Suppose your child is about to enter the fourth grade and has been assigned to an excellent teacher. Then the teacher decides to quit. What should you do? The correct answer? Panic!
Well, not exactly. But a landmark new research paper underscores that the difference between a strong teacher and a weak teacher lasts a lifetime. Having a good fourth-grade teacher makes a student 1.25 percent more likely to go to college, the research suggests, and 1.25 percent less likely to get pregnant as a teenager. Each of the students will go on as an adult to earn, on average, $25,000 more over a lifetime — or about $700,000 in gains for an average size class — all attributable to that ace teacher back in the fourth grade. That’s right: A great teacher is worth hundreds of thousands of dollars to each year’s students, just in the extra income they will earn.
The study, by economists at Harvard and Columbia universities, finds that if a great teacher is leaving, parents should hold bake sales or pass the hat around in hopes of collectively offering the teacher as much as a $100,000 bonus to stay for an extra year. Sure, that’s implausible — but their children would gain a benefit that far exceeds even that sum.
Conversely, a very poor teacher has the same effect as a pupil missing 40 percent of the school year. We don’t allow that kind of truancy, so it’s not clear why we should put up with such poor teaching. In fact, the study shows that parents should pay a bad teacher $100,000 to retire (assuming the replacement is of average quality) because a weak teacher holds children back so much.
Our faltering education system may be the most important long-term threat to America’s economy and national well-being, so it’s frustrating that the presidential campaign is mostly ignoring the issue. Candidates are bloviating about all kinds of imaginary or exaggerated threats, while ignoring the most crucial one.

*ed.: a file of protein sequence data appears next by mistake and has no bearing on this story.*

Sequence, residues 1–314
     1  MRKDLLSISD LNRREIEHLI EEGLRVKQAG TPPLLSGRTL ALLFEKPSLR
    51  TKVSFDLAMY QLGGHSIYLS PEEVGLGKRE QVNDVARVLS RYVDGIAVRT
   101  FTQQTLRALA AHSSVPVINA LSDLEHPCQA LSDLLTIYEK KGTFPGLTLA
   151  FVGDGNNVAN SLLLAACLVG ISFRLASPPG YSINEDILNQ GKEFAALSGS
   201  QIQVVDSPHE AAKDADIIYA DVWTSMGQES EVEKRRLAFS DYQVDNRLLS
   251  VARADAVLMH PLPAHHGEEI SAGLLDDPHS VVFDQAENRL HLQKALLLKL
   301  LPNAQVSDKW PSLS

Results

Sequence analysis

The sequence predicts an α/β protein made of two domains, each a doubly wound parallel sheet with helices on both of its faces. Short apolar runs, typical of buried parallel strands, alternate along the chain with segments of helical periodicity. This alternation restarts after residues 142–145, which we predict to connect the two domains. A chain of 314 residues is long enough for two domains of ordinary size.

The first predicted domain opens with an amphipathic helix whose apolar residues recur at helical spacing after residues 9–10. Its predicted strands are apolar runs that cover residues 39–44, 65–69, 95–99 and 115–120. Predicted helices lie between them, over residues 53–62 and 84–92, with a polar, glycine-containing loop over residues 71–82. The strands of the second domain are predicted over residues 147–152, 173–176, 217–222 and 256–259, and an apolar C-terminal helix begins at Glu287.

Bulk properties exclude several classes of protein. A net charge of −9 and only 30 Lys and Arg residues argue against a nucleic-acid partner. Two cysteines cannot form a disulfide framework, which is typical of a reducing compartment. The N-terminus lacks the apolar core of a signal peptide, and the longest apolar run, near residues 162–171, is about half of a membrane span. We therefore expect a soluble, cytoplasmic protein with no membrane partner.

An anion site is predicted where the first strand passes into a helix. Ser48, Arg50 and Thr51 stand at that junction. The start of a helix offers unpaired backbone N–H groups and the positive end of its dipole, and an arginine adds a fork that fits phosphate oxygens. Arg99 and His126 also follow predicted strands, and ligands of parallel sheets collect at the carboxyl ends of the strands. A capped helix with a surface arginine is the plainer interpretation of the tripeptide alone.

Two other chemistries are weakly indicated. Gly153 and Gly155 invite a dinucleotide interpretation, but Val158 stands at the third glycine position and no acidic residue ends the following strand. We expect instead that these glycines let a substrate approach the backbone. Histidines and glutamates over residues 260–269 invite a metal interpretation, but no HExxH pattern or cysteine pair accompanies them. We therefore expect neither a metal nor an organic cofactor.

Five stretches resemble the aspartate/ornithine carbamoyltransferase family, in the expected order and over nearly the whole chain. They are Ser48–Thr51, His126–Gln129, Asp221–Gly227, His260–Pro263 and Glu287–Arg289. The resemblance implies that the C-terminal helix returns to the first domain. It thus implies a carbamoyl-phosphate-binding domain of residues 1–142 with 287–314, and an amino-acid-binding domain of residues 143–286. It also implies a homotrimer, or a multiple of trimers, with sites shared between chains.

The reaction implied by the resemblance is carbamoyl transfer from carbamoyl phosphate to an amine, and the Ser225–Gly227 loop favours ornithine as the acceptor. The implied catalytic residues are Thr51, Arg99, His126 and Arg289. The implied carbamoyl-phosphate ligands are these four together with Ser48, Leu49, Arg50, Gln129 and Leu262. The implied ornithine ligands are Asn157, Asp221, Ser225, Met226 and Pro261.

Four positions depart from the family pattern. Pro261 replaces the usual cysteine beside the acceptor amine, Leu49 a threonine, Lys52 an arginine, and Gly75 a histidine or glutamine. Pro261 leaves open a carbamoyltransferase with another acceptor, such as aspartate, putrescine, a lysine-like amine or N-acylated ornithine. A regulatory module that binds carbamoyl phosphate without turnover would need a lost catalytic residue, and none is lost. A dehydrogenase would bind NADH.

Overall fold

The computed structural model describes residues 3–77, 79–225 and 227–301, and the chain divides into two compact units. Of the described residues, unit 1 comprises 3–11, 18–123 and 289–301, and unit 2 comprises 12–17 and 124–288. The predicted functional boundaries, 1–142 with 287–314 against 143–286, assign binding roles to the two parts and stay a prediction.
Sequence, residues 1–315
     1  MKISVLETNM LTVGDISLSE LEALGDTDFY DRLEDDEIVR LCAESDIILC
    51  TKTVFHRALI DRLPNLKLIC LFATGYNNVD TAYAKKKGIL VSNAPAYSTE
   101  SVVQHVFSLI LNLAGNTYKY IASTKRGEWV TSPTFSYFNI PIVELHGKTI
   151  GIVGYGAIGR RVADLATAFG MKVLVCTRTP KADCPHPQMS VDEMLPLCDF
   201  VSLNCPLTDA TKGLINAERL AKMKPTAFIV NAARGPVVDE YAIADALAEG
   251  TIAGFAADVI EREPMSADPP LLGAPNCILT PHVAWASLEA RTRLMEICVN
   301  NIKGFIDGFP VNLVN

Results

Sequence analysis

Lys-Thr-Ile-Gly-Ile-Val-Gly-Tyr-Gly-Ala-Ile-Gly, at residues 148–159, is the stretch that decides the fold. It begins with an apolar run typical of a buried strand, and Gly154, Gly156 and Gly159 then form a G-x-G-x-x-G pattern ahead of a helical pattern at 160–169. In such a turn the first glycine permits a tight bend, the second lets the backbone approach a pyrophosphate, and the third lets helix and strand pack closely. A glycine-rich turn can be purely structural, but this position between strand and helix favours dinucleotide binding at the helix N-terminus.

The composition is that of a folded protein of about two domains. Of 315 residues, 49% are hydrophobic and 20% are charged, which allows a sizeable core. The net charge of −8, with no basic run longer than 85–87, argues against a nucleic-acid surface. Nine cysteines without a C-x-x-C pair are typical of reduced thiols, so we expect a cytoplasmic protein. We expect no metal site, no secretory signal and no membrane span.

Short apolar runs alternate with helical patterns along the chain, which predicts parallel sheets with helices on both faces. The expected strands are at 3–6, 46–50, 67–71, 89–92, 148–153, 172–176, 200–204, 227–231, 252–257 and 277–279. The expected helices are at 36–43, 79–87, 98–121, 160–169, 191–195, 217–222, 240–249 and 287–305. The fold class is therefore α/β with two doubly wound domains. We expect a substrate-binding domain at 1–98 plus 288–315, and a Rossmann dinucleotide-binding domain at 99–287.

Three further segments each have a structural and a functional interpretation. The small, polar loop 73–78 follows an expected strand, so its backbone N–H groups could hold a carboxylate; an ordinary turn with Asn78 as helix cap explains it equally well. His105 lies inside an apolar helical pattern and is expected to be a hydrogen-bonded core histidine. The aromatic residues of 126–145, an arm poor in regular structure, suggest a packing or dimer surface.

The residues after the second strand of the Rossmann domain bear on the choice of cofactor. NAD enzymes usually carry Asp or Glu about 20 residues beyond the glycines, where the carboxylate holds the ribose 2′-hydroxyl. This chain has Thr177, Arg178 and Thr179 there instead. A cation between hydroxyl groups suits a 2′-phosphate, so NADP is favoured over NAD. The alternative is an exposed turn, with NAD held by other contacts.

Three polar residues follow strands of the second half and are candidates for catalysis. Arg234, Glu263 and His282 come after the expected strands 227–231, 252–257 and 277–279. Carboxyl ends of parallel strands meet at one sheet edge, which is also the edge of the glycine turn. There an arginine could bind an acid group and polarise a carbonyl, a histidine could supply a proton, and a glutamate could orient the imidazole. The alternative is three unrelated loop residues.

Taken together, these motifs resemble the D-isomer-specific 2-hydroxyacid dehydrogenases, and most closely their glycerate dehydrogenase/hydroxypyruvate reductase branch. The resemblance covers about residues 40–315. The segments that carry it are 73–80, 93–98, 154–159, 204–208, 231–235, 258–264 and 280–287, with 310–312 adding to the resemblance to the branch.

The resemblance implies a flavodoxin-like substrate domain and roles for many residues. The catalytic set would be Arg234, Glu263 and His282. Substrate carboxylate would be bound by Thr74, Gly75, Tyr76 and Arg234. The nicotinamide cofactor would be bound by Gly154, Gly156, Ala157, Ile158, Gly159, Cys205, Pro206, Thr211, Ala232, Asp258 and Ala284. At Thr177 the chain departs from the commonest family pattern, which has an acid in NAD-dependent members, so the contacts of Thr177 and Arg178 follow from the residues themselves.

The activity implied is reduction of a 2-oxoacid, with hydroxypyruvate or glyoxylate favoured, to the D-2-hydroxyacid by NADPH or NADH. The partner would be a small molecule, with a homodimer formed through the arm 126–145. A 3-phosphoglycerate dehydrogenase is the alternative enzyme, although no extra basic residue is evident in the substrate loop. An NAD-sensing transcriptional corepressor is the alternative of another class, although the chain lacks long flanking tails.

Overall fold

Mitt Romney, who after his victory in New Hampshire on Tuesday seems increasingly likely to be the Republican nominee, refers to education only in passing on his Web site. The topic receives no substantive discussion in his 160-page “Believe in America” economic plan.
This latest study should elevate the issue on the national agenda, because it not only underscores the importance of education but also illuminates how we might improve schools.
An essential answer: more good teachers. Or, to put it another way, fewer bad teachers. The obvious policy solution is more pay for good teachers, more dismissals for weak teachers.
One of the paradoxes of the school reform debate is that teachers’ unions have resisted a focus on teacher quality; instead, they emphasize that the home is the foremost influence and that teachers can only do so much.
That’s all true, and (as I’ve often written) we need an array of other antipoverty measures as well, especially early childhood programs. But the evidence is now overwhelming that even in a grim high-poverty school, some teachers have far more impact on their students than those in the classroom next door. Three consecutive years of data from student tests — the “value added” between student scores at the beginning and end of each year — reveal a great deal about whether a teacher is working out, the researchers found.
This study, by Raj Chetty and John N. Friedman of Harvard University and Jonah E. Rockoff of Columbia University, was influential because it involved a huge database of one million students followed from fourth grade to adulthood.
The blog of the Albert Shanker Institute, endowed by the American Federation of Teachers, praised the study as “one of the most dense, important and interesting analyses on this topic in a very long time” — although it cautioned against policy conclusions (of the kind that I’m reaching).
What shone through the study was the variation among teachers. Great teachers not only raised test scores significantly — an effect that mostly faded within a few years — but also left their students with better life outcomes. A great teacher (defined as one better than 84 percent of peers) for a single year between fourth and eighth grades resulted in students earning almost 1 percent more at age 28.
Suppose that the bottom 5 percent of teachers could be replaced by teachers of average quality. The three economists found that each student in the classroom would have extra cumulative lifetime earnings of more than $52,000. That’s more than $1.4 million in gains for the classroom.
Some Republicans worry that a federal role in education smacks of socialism. On the contrary, schools represent a tough-minded business investment in our economic future. And, increasingly, we’re getting solid evidence of what reforms may help: teacher evaluations based on student performance, higher pay and prestige for good teachers, dismissals for weak teachers.
That, and not most of the fireworks that passes for politics these days, is the debate we should be having on a national stage.
New York Times Nicholas Kristof
Credits to CJCPIG